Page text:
Described in some reports as the blind leading the blind, members of the Commerce Board panel hearing the case were said to show remarkable ignorance, having little or no idea how aircraft production or processes actually operated.
Questions were asked – some felt that the board seemed not to understand the fact that for example, Delta – who argued vociferously against Boeing – said that the competing aircraft, the 737-7Max wasn’t even considered, despite Boeing saying the CS100 was a direct competition and denied them the opportunity to compete on fair terms. Delta’s CEO was angry, saying that Boeing never offered the aircraft and Delta didn’t ask for it.
The Commerce Board unsurprisingly upheld Boeing’s claims. Boeing has deliberately made sure it has courted the Trump Administration assiduously, yesterday even sending congratulations on the passage of a tax bill that 66% of Americans think is unfair, but saved Boeing $300m.
The Commerce Board has upheld the near 300% tariffs on the CSeries – imposing them on built, part built, or kit form versions of the type, effectively making it pointless building it in the US, other than from scratch.
The Commerce Board seemed indifferent to claims that Boeing had received over $1.1 billion in illegal subsidies from Washington State.
The argument now moves to the International Trade Commission who may still overrule the Administrations decision.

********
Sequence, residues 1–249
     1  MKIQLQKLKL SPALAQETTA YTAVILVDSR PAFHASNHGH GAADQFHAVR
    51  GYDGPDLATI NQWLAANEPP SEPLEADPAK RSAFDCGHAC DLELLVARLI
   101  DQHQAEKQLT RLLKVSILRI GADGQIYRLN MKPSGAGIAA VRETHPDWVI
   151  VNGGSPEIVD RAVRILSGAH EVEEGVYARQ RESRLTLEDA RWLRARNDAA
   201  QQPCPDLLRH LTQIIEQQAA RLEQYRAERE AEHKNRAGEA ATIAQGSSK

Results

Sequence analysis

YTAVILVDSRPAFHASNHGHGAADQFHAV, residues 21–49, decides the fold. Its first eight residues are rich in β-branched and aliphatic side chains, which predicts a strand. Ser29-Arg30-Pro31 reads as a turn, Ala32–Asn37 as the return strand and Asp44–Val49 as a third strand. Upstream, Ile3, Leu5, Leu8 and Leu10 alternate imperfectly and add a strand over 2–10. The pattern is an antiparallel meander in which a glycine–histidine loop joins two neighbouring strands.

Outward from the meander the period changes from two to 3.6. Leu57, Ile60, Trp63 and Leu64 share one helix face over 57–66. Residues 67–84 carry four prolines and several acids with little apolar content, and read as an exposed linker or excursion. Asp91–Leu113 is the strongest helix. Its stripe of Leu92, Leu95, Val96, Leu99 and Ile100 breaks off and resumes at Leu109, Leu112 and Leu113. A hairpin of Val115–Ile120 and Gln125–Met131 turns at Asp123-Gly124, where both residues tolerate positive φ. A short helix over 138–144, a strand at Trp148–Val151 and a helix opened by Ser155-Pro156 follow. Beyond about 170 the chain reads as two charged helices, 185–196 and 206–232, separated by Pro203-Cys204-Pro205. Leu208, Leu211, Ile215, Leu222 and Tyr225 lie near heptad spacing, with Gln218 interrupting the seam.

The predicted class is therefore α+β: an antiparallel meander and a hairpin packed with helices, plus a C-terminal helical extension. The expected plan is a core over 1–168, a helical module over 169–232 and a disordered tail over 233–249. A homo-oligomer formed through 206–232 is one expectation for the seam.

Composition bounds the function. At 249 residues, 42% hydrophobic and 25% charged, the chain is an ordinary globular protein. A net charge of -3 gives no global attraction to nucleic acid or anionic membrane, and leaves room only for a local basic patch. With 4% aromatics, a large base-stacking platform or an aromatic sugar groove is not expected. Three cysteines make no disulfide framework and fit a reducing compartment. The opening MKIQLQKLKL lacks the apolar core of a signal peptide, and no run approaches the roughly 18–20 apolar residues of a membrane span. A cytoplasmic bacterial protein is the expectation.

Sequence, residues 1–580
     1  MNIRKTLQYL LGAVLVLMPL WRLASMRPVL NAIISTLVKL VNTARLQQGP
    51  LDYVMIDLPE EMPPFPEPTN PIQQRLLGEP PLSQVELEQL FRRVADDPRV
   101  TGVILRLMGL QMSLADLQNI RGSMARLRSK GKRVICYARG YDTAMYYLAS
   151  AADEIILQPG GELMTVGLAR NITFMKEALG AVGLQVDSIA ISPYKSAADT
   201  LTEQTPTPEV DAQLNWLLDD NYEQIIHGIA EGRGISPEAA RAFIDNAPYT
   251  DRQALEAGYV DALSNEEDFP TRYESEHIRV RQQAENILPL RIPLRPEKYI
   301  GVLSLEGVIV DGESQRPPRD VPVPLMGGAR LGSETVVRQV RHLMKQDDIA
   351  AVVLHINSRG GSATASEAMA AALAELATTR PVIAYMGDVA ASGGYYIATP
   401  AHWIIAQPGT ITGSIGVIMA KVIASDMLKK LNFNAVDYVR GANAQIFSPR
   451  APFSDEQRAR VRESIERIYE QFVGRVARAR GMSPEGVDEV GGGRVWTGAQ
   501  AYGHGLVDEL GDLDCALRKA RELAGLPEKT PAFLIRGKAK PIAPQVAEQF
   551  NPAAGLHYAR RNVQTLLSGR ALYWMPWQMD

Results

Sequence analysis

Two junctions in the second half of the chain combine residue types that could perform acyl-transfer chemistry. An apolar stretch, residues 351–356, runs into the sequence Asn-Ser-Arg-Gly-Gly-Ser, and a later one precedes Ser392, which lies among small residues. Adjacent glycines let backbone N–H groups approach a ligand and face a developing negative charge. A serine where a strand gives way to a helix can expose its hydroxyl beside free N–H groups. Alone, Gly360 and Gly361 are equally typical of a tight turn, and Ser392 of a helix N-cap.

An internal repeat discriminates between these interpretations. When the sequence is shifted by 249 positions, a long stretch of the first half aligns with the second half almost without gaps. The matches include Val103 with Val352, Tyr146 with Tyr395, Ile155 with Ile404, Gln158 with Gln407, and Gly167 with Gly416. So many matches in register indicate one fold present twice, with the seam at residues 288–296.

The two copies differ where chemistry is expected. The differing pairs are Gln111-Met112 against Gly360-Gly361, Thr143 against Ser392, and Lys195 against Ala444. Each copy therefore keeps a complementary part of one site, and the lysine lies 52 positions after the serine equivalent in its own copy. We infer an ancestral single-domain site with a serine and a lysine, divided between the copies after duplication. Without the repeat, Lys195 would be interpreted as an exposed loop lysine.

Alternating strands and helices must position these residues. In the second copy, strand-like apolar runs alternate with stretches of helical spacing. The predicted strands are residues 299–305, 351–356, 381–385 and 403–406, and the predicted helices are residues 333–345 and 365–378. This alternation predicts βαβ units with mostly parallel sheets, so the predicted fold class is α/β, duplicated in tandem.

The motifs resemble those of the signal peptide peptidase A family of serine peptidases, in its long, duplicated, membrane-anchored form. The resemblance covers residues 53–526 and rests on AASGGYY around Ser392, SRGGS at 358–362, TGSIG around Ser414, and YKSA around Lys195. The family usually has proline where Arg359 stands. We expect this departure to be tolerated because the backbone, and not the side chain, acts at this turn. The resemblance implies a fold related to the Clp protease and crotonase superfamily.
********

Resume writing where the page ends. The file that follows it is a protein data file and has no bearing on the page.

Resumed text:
In any event the ruling is a blow to Airbus, Bombardier, and 4,000 workers in Northern Ireland where the wings are made. The British and NI Governments are none too happy, and realising that it’s dealings with the US Administration need to be a lot tougher in future.
Britain and Canada are slowly coming to understand what most of us have known for years, the mythical Special Relationship, never existed and Trump’s Government is no friend.
Boeing has done enormous damage to international trade relations. People who regarded the US as a friend now realise their relationships are tenuous and that Trans-Atlantic partnerships mean nothing. Boeing’s relentless attack on Bombardier when it really has nothing to gain but a loss in reputation and goodwill, and eventually lost orders will be the result.
The worst part is up to 1000 jobs would have been created in Alabama to produce the CSeries.
The petty nature of Boeing’s attacks when it has itself accepted illegal subsidies, never mind used and adapted advanced defence technology paid for by US tax payers, in civil aircraft, just makes the company appear cynical in the extreme.